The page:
Apart from that exceptional case treat the vesting of the property in the hands of the personal representatives as a balancing event. Again, you should treat the transfer to the personal representatives as taking place at market value unless there is an election to treat the sale as being for an alternative amount CA13200.

You should only accept that a building has ceased altogether to be used if it can no longer be used for anything. Cessation of use as an industrial building is not enough. Examples of the sort of case where you can accept that a building has ceased altogether to be used are:

  • the building becoming derelict
  • the building being condemned
  • the building being due for demolition because it is in the path of a motorway.

 

A balancing adjustment may be made after a building has ceased to be an industrial building. If there is more than one balancing event of the type listed above after a building has ceased to be an industrial building a balancing adjustment is only made on the first one. This rule does not apply to other types of balancing event like the making of an additional VAT rebate CA39300. After a building has ceased to be an industrial building, the owner may receive an additional VAT rebate and then sell the building 2 years later. Both the receipt of the additional VAT rebate and the sale of the building are balancing events.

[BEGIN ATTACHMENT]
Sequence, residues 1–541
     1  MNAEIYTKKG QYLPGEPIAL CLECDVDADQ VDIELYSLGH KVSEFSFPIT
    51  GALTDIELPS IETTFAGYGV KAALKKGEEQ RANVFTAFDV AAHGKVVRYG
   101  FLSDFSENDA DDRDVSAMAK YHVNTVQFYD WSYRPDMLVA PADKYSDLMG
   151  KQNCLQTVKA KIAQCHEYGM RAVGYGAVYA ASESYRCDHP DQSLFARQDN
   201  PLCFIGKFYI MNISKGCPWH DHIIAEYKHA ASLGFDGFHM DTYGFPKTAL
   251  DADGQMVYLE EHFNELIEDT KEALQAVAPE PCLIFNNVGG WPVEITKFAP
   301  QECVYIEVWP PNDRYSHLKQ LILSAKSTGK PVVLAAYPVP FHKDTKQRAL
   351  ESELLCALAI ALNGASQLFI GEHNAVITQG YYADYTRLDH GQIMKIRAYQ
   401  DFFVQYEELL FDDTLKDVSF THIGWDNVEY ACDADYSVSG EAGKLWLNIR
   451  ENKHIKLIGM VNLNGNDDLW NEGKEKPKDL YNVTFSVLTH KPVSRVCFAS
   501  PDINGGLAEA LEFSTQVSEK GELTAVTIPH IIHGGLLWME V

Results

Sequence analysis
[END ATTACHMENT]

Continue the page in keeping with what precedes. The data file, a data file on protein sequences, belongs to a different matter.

There is an additional balancing event for qualifying hotels. If there is a period of 2 years during which the building is not a qualifying hotel and there is no balancing event during that 2-year period, the hotel is treated as sold for its open market value at the end of the 2-year period. This means that there is a balancing adjustment at that point.

If a qualifying hotel becomes temporarily disused it is treated as a qualifying hotel for 2 years after the end of the chargeable period in which the temporary disuse begins. It is then no longer treated as a qualifying hotel and so there is a balancing adjustment if another 2 years go by without it becoming one again.